Review by Leonard Norwitz
Theatrical: Universal Pictures & Douglas/Greisman
Blu-ray: Universal Studios Home Entertainment
Runtime: 98 min.
Size: 25 GB
Case: Standard Blu-ray case
Release date: June 2, 2009
Aspect ratio: 1.85:1
English DTS HD-Master Audio 5.1; English Dolby 2.0
English SDH, Spanish & French
• Just Charge it to the Underhills: Making and Remembering
Fletch – in SD (26:34)
• From Cocktoastin to Harry S. Truman: The Disguises – in SD
• Favorite Fletch Moments – in SD (2:37)
• BD-Live 2.0
Michael Ritchie's best films may have been well behind him
(Prime Cut, The Candidate, The Bad News Bears), but he still
had enough management skills to hold the reins of Chevy
Chase who, we learn from the extra features, would just as
soon improvised the movie into his particular brand of
madness. We also gather that Ritchie's way of handling this
was to shoot many scenes both his way and Chevy's. It looks
like a little of both made their way into the finished
product – amazingly it worked.
Writer Andrew Bergman's idea for the movie, based on a
series of novels by Gregory McDonald, was to ground (that's
"ground" not "grind") Chevy's improvs and antics into a
certain level of hard-boiled detective mystery. This is
always tricky (my gold standard is Silver Streak with Gene
Wilder and Richard Pryor), but I think it works here. There
are countless opportunities – made for or assumed by Chevy –
for the usually deadpan actor's offhand stick. He even has a
go at romancing the bad guy's wife (Dana Wheeler-Nicholson.)
What may amaze is how credible is the final showdown between
Fletch and the two (count them) bad guys that manages a
surprising degree of ferocity.
The Movie: 7
Chevy Chase plays Irwin Fletcher, an investigative
journalist based in Los Angeles. He's been researching drug
dealing in the Venice area when he is approached by Alan
Stanwyck (Tim Matheson) who contracts Fletch to kill him a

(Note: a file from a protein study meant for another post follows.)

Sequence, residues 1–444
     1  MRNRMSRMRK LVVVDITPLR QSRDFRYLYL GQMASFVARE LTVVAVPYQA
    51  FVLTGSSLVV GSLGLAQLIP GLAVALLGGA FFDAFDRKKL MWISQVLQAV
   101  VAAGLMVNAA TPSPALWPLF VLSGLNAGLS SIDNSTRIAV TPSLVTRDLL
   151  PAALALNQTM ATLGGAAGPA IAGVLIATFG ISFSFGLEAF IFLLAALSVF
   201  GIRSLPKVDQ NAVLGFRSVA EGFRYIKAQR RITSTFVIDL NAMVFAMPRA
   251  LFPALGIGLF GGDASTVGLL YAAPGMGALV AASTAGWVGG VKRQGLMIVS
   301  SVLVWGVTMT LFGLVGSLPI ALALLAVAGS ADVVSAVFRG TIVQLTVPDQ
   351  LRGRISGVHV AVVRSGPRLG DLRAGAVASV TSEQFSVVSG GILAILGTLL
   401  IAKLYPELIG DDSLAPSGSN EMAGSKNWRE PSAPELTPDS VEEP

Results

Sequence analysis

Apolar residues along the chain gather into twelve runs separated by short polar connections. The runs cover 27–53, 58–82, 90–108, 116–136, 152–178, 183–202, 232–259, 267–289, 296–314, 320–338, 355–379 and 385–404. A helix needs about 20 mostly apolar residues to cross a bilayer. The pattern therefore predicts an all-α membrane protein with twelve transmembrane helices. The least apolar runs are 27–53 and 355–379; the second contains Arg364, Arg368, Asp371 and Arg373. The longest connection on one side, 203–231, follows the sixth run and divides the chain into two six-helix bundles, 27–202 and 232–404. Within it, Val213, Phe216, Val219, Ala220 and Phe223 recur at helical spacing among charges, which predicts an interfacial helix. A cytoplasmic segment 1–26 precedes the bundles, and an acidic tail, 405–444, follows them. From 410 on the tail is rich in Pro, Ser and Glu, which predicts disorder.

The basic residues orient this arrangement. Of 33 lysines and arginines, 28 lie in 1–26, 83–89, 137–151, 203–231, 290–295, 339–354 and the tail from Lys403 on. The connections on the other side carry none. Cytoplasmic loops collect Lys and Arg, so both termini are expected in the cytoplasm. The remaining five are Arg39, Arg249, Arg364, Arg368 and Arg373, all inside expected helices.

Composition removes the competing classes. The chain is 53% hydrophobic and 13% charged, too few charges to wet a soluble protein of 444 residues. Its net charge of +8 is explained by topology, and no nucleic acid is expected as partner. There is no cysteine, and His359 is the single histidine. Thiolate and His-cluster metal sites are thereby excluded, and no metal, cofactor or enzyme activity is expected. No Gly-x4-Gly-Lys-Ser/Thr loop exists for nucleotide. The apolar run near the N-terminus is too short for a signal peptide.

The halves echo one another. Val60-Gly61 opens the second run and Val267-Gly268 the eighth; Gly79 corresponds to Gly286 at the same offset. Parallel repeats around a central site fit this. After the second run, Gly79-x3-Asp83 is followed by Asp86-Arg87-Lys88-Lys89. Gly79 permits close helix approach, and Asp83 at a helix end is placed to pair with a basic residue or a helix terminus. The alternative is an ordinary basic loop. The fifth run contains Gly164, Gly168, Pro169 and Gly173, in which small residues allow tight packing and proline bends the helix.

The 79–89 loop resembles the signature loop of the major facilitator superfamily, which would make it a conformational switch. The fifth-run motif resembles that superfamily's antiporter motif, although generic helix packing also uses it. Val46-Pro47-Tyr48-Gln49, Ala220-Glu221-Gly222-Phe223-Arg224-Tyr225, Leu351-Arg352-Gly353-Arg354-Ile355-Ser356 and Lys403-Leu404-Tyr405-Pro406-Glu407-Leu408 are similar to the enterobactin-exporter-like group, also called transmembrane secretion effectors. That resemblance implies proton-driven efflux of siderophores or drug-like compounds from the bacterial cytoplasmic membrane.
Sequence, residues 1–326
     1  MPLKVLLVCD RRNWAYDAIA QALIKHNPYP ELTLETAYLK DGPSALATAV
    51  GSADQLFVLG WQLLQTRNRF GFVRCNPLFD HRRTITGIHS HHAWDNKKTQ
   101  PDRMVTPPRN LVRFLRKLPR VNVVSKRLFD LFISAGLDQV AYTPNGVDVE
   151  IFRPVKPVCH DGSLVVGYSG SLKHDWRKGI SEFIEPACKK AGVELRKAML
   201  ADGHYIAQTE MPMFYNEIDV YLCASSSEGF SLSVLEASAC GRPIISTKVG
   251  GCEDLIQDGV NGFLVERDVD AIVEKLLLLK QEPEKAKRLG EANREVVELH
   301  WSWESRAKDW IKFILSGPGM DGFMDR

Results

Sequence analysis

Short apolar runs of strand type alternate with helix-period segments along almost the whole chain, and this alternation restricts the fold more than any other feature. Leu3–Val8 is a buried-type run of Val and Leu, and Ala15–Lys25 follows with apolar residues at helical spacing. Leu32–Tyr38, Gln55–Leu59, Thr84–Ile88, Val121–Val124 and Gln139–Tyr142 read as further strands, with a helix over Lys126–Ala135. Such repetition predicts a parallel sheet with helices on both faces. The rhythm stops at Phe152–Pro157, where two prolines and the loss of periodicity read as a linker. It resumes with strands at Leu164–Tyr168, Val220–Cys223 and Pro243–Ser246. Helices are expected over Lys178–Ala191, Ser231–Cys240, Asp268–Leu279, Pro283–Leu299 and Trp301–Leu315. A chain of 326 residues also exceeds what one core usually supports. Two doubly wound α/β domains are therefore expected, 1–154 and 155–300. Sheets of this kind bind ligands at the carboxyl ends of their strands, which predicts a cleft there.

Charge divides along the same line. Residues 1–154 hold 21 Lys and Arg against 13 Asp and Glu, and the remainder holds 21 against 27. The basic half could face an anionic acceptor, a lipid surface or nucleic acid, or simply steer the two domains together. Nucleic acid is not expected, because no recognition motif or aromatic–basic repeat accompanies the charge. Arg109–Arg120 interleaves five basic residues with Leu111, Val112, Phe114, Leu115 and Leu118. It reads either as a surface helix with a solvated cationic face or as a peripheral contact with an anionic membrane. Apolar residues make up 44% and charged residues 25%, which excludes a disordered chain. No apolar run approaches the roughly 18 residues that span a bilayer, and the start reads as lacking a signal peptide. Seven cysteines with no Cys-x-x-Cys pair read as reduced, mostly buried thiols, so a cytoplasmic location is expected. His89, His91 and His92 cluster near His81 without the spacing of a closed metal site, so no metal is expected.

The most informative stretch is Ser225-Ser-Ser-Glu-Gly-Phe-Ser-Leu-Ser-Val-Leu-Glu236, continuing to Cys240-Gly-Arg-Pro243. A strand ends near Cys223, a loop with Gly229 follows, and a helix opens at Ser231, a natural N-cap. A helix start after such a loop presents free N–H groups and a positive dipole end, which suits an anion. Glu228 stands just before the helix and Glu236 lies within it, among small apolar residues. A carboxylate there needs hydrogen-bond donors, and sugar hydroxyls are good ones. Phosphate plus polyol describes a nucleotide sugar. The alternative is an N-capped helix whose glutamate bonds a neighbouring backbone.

week from now. Because Fletch has been disguised as a
homeless beachcomber, Stanwyck assumes he has nothing or no
one to live for and would be just the fellow to put him out
of his misery and so avoid a painful death from some
It doesn't take Philip Marlowe to smell a rat - I mean $50k
for a killing of a guy who looks fit and lives very wealthy
- but it does take Fletch on an amusing and sometimes
thrilling chase through a doctor's office, a run-in with a
Doberman, and staring at the wrong end of a gun barrel.
Meanwhile there's that drug running caper that keeps
surfacing along with a local police chief (Joe Don Baker)
that doesn't appreciate Fletch nosing into his territory.
The first number indicates a relative level of excellence
compared to other Blu-ray video discs on a ten-point scale.
The second number places this image along the full range of
DVD and Blu-ray discs.
Fletch never looked all that good to start with, so we
shouldn't be surprised with soft, flat and grainy. I think
I've seen the occasional DVD title looking better, but not
for Fletch, though I doubt it's the fault of the transfer. A
restoration is asking for a lot, even for a classic comedy
such as this. The color looks natural. Black levels vary:
sometimes the picture appears overexposed, sometimes fairly